I went to Reading Festival. New Order blew my mind, as did downing a big bottle of cheap cider in the afternoon before watching the Butthole Surfers. Life was sweet, and its soundtrack was “Doolittle” by Pixies, “Playing With Fire” by Spacemen 3, “Technique” by New Order, “Bummed” by Happy Mondays, and the belated purchase of “Life’s Too Good” by the Sugarcubes. Having got this far, typed this much, I kinda realise this whole thing could easily be about each and every one of those albums. But it began by being about “The Stone Roses” and that’s how it should continue.
It’s just ace, isn’t it? No point in going through song by song, cos this isn’t an album review, and I’m not a music journalist. I really just wanna say how beautiful the guitar on “Waterfall” is; how confident it was to follow that by the same song backwards; how perfect an end to side one “Bye Bye Badman” is; and those last three songs on the album… Man, it doesn’t get better than that. “Shoot You Down” makes me melt; “This Is The One,” to me, is what being nearly nineteen years old sounds like; and “I Am The Resurrection.” Have you listened to it recently? Fuck, it’s perfect. If the previous song sounds like what it’s like to be nineteen, this sounds like you’re gonna be nineteen forever. It still astounds me how anyone else might’ve stopped three minutes and forty seconds in, thinking, “Yep, we’ve got a belter here.” But they didn’t, and the bass and drums made us shake our provincial indie hair like we’d never really felt like doing before, and four minutes of beautifully crafted guitar soloing, including enough distinct melodies to form the basis of a whole other album carry us along to the end where it quietens down and fades out, leaving me – and one assumes, a lot of people – thinking, that last little funky bit could’ve gone on and on and on. But that would be greedy.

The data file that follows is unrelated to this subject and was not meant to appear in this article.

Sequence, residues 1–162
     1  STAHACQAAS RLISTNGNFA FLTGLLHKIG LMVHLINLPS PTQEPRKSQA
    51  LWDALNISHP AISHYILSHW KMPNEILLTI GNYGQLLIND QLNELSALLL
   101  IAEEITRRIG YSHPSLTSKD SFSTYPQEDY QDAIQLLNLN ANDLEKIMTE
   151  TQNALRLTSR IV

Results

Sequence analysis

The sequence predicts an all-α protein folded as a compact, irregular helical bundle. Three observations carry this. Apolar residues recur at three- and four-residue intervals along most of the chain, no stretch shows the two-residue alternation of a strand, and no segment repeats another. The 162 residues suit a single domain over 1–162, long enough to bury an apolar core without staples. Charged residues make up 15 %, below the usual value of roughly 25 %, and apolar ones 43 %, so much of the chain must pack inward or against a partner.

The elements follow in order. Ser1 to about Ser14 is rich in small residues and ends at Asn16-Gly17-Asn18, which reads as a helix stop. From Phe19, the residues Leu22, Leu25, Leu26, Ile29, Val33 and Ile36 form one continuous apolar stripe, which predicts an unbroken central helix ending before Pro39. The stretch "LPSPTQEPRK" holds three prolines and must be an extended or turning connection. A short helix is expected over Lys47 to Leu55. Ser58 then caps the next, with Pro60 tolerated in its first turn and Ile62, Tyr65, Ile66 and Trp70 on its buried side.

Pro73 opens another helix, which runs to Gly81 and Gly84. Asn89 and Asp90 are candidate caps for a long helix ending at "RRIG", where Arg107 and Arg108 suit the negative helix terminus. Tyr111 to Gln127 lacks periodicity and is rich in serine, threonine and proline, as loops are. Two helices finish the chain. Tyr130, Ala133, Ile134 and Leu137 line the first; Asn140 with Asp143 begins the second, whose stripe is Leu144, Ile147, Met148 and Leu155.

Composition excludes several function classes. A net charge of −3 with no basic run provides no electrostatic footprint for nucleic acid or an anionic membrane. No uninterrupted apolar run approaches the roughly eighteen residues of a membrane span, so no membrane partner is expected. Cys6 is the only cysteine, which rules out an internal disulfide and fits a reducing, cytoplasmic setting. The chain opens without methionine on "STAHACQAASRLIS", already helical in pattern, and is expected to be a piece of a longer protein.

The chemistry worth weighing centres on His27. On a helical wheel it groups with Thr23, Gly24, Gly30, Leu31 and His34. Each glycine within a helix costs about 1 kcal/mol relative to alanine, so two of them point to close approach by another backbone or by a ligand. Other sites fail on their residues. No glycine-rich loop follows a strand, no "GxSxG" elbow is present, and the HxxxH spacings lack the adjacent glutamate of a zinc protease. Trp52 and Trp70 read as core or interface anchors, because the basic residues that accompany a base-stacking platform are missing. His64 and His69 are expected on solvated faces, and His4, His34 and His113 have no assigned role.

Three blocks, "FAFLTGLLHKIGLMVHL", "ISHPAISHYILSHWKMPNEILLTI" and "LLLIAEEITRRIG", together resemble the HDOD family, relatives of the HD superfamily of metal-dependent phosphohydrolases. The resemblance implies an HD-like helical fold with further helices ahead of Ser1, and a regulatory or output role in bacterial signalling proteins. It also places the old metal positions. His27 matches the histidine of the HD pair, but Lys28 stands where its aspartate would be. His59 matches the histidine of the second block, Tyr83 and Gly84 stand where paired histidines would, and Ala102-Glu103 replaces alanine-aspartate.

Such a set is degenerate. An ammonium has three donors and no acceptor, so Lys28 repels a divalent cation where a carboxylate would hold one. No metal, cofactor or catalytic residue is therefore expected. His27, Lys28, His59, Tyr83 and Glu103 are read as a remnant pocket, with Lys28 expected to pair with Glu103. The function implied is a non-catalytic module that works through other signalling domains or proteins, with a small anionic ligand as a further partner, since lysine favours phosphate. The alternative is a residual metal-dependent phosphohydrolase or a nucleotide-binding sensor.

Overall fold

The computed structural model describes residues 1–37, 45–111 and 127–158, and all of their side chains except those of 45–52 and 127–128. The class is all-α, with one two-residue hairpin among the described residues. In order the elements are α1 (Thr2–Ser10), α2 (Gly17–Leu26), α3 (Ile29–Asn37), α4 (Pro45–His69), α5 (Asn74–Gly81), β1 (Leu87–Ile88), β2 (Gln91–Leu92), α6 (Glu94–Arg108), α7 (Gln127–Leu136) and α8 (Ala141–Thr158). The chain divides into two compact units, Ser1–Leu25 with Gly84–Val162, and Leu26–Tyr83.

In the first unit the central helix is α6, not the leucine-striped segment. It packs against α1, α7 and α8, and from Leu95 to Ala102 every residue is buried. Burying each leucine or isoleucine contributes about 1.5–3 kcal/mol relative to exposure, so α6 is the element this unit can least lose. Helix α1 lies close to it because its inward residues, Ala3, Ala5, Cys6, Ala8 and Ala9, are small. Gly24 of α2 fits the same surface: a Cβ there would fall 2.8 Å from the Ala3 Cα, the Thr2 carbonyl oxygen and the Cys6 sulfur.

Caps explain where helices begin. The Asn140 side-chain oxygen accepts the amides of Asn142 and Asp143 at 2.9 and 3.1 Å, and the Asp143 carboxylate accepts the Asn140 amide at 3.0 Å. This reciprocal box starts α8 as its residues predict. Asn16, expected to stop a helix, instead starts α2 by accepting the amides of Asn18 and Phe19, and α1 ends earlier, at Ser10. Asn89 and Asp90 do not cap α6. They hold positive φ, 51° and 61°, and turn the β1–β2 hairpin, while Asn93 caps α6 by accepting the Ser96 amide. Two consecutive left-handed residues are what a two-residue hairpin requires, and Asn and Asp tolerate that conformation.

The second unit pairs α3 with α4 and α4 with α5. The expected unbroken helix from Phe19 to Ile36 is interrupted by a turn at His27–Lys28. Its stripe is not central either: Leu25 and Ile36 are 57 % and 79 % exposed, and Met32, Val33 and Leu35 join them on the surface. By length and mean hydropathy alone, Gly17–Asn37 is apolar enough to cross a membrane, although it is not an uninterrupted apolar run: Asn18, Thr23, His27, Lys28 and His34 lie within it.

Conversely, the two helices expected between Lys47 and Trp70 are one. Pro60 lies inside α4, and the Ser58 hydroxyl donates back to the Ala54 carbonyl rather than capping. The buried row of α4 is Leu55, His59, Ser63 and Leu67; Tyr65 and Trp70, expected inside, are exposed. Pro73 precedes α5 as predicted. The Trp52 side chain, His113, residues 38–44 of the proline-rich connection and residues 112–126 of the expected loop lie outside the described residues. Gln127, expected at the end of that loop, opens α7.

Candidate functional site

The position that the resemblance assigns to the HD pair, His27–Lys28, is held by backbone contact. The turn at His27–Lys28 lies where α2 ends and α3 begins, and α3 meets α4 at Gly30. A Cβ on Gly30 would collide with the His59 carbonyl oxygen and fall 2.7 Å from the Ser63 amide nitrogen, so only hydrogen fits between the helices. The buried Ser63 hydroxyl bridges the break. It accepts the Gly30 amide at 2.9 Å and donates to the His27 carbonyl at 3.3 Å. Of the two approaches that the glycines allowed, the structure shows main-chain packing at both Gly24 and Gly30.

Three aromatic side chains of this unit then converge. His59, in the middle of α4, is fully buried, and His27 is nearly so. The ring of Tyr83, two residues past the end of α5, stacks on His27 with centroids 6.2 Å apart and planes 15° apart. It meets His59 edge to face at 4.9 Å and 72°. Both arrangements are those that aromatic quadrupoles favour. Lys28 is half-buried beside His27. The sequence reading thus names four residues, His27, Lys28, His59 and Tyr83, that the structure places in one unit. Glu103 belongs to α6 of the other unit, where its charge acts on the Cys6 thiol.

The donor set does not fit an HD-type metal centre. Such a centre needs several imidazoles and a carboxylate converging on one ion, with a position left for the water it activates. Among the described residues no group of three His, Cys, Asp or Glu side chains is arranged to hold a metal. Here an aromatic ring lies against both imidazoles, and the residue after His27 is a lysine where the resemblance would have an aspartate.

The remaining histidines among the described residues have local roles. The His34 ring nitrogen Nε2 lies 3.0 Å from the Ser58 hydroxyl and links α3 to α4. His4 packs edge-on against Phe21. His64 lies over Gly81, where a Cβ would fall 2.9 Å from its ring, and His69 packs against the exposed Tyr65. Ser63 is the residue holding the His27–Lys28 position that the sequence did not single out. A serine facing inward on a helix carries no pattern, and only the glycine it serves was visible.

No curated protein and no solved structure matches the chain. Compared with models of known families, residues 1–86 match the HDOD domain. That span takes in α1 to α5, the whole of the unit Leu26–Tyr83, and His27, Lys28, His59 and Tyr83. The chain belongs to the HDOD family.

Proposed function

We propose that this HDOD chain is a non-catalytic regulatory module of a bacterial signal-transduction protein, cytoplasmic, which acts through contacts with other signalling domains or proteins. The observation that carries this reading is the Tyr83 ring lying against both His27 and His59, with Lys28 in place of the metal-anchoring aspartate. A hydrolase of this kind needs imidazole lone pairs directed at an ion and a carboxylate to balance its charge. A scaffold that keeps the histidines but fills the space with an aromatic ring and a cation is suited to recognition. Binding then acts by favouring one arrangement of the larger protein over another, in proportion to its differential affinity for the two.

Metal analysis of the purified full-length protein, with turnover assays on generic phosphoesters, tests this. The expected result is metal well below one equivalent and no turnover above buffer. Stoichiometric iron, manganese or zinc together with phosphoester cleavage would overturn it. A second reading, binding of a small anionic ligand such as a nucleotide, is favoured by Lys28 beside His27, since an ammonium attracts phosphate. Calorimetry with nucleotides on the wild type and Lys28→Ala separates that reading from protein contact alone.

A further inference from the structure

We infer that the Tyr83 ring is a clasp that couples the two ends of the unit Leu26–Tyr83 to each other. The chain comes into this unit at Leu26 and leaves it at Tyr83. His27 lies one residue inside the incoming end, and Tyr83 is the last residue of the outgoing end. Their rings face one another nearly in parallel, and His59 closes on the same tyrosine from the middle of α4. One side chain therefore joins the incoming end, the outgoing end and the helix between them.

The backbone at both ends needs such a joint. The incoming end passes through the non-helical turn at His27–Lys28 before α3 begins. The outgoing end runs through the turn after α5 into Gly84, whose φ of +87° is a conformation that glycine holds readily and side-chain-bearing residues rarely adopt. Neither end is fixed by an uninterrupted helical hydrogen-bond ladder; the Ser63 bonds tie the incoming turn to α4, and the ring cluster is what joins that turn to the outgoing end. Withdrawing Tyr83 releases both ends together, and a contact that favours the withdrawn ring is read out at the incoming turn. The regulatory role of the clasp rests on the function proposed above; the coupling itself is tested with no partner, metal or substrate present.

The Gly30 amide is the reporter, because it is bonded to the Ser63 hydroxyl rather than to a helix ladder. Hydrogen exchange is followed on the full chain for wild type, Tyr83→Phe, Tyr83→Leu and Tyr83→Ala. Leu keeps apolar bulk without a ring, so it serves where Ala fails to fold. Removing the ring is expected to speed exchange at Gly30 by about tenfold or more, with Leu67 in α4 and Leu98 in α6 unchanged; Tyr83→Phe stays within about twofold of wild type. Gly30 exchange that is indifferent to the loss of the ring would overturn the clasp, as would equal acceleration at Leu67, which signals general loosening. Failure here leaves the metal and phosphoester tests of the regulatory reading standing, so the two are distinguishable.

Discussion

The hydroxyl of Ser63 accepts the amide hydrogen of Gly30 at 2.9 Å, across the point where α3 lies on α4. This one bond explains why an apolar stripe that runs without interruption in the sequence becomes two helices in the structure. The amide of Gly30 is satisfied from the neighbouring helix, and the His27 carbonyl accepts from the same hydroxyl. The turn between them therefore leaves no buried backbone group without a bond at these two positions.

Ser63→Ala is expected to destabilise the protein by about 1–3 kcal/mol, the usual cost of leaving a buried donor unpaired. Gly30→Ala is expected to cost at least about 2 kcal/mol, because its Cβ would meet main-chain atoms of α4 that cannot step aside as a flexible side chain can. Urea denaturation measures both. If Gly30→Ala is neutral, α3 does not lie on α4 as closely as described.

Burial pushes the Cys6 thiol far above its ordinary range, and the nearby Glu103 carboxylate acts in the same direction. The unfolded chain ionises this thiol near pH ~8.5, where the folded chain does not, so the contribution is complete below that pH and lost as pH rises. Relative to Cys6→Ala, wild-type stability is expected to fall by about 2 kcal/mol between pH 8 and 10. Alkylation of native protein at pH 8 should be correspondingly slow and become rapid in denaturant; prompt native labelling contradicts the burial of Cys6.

All the praise that this record (and to me it is a record; a piece of vinyl with a side one and a side two) has gotten over the years may well be revisited in the next month or so, and quite likely, it’ll be written about in a far better way than I’ve just done. Maybe someone else can sum it up better, but for me, it was the sound of a wonderful summer, the first post-school summer. All previous structure in my life had finished. I was setting out on a different road now, the first road that I’d really chosen to take. I’m lucky to have been that age at that time, and have this album be at the heart of that summer’s soundtrack.